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Trudeau’s Online News Act sparks angry letters to Trudeau as it nears a deadline of December 19th

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Justin Trudeau’s plan to help the media industry with the Online News Act IS actually doing more harm than good. In trying to take on powerful tech giants like Google and Meta, he has severely miscalculated the consequences for small, independent publishers. 

As the law’s deadline of December 19th approaches, warnings from these smaller outlets are growing increasingly dire.

Meta has already blocked access to Canadian news on its platforms and Google is joining soon.

From the very beginning, this bill was a misguided attempt to force the tech giants’ hand. Trudeau should have known better than to provoke two of the largest corporations in the world into a confrontation on their own turf. The aftermath of Bill C-18 shows Trudeau’s naivety in thinking powerful companies like Meta and Google would simply comply with his demands.

Maybe next time Trudeau should consult experts beyond just big legacy players before ramming through laws that will just hurt those he claimed to be helping. 

With freelancers, small blogs and town newspapers all in jeopardy, can Canadian media as we know it survive? Or has Trudeau destroyed it forever? 

The December 19th deadline looms large over the news industry as Trudeau’s Bill C-18, or the Online News Act will soon come into effect.

This may be bad news for big tech companies like Google and Meta, but it is especially bad for small businesses. Meta and Google’s threat to eliminate access to Canadian news altogether rather than pay the government harms small news organizations who rely on platforms like Facebook, Instagram, and Google for viewership.

Trudeau has blamed these tech giants time and time again. But who’s really to blame for this?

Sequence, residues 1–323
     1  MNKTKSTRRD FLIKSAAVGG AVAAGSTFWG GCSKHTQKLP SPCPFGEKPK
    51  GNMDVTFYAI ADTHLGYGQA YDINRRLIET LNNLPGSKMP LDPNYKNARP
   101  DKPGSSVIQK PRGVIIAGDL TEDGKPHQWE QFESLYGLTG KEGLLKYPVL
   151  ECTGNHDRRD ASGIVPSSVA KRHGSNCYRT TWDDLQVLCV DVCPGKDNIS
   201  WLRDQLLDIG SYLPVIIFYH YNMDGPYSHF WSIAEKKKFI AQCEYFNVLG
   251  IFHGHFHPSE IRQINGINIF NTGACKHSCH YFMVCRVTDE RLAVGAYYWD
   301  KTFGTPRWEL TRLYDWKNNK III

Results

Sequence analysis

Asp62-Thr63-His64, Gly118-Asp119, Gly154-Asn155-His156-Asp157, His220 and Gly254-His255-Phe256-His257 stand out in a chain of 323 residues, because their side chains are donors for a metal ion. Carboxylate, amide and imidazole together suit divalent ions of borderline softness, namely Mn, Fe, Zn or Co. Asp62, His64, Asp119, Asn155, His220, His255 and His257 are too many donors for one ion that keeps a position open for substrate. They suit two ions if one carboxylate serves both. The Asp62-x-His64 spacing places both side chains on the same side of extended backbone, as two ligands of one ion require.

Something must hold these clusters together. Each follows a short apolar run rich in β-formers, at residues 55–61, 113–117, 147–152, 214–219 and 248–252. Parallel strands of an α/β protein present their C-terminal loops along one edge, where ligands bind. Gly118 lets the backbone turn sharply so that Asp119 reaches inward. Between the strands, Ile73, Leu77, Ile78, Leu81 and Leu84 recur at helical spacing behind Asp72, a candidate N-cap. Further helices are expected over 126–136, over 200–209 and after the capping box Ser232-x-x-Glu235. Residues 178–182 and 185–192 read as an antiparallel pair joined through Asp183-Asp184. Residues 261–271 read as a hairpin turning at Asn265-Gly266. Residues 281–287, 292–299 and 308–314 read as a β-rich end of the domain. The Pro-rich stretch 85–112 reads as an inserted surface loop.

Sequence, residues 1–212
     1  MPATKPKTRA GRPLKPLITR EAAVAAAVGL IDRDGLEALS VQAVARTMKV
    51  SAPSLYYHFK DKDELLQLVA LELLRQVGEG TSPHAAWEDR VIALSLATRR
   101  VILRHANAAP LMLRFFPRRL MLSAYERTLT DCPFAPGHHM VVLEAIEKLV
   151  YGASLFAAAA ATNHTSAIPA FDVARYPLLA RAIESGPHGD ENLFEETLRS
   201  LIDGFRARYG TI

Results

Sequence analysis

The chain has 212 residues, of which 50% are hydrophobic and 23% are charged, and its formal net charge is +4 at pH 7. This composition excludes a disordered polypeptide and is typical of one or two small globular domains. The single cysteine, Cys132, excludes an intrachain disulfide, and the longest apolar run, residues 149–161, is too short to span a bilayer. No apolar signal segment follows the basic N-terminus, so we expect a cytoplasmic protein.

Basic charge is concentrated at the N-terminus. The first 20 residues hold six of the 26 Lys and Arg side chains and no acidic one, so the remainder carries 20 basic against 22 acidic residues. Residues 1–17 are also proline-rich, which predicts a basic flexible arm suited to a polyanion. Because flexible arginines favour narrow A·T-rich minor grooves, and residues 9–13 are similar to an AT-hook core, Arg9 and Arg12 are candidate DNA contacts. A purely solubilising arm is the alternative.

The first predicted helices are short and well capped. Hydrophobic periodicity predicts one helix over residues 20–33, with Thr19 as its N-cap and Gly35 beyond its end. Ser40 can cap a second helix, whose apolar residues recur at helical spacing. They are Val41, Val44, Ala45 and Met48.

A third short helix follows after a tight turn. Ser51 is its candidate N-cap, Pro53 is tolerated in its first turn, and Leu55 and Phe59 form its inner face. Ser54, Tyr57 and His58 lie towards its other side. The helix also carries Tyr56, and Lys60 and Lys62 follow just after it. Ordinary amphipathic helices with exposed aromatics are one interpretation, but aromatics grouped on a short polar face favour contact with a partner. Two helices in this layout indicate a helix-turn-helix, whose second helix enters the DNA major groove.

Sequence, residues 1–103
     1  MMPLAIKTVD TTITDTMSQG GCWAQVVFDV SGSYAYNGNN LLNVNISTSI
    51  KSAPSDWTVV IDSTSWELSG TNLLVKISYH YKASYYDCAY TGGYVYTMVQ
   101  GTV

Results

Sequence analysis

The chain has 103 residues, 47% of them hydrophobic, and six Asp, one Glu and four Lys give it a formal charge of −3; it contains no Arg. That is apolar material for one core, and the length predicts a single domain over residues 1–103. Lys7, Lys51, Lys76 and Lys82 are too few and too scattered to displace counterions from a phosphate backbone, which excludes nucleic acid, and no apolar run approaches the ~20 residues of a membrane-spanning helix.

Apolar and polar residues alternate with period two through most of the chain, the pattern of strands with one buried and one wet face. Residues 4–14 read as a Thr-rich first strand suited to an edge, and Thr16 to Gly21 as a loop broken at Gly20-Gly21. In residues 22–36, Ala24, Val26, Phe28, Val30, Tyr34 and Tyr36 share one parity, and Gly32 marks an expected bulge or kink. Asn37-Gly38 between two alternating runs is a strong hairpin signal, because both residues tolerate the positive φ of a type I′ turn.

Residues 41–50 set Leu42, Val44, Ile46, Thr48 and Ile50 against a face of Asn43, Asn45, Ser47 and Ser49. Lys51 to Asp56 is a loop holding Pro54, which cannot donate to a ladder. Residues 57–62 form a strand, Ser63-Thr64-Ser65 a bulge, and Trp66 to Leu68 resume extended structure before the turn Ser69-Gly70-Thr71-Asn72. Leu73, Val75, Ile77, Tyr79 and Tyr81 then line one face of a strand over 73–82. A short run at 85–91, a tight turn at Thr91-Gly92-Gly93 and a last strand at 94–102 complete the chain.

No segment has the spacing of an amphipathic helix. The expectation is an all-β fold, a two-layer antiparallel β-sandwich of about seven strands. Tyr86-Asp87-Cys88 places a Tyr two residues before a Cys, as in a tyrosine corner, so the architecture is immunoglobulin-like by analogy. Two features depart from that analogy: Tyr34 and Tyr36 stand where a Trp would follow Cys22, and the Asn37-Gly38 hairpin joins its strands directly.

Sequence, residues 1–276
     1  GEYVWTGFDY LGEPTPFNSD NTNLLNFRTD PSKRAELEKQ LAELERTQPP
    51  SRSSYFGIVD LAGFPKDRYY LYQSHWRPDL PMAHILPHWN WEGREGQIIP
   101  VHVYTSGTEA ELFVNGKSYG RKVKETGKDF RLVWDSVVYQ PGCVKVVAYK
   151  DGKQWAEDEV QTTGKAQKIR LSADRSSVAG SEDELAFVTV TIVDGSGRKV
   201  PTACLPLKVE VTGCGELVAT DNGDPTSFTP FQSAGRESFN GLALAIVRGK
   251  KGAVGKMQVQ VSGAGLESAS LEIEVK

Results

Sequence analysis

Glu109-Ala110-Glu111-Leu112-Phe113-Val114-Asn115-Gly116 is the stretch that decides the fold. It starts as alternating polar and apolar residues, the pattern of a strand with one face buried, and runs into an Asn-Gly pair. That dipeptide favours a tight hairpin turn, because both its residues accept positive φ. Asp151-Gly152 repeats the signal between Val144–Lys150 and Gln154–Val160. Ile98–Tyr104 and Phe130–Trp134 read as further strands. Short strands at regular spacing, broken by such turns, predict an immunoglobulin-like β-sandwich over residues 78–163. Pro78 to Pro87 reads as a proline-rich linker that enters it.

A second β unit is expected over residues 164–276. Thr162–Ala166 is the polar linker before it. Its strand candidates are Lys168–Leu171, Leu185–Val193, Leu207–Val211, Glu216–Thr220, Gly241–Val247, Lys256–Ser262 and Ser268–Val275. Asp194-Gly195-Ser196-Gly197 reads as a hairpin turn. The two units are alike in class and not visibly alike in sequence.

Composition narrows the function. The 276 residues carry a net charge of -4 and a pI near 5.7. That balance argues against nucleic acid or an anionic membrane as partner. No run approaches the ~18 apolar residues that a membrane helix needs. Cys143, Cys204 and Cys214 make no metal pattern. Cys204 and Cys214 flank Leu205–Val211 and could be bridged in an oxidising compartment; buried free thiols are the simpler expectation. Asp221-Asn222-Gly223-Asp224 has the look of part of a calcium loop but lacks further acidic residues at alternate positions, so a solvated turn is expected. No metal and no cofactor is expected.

It’s common knowledge that journalists and anyone who puts content out on the internet, benefit from social media platforms like Facebook, Instagram, or X. They provide unparalleled reach, so journalists can connect with new audiences and even profit from the page views and support they receive. 

So it was a surprise when Trudeau crusaded as the hero, promising that he would get two American technology behemoths, Meta and Google, to pay a fair price for all the content they receive from Canadians.

It seems like Trudeau’s ego truly led him to believe that if he talks a good enough talk, he would be the Prime Minister that made Meta fall to its knees. Well, that doesn’t seem to be working out so well for him. 

In a classic case of biting off more than you can chew, Meta has retaliated against Trudeau’s provocation by blocking Canadian news on its platforms. Facebook and Instagram, under Meta’s umbrella, began the permanent removal of Canadian news in August – sending shockwaves through the Canadian media industry. 

Indiegraf CEO, Erin Millar, warned in a letter to Trudeau that the bill could cause “an existential event” for many local newsrooms since “Removing Canadian news content from these platforms will raise the barrier to entry for start-ups and chill news innovation, development and investment. It will harm small and Indigenous news businesses, and distort the playing field.” 

Things haven’t been going well with the Canadian media industry for a while now, 60 outlets closed in just the past two years and CTV shut down its foreign bureaus. Over 250 Canadian newspapers have shut down since 2013, turning chunks of the country into areas devoid of local journalism.  

Clearly, the rise of social media has completely changed the way people get their news and as a result, social media platforms benefit from the ad revenue which was once the lifeblood for local news outlets and publications. 

So it’s obvious to many that traditional journalism is in decline and news outlets that have failed to adapt quickly enough to these changes will die out regardless of Trudeau’s policies. With the industry on shaky ground, Meta’s move could be the final nail in the coffin.

As the December 19th deadline inches closer, many small news organizations and startups have sent letters to Trudeau expressing how this bill is a misguided motion that does more harm than good.Through an Access-to-Information request, Politico recently uncovered these urgent appeals from Canadians in danger of losing their businesses and jobs if the bill goes through.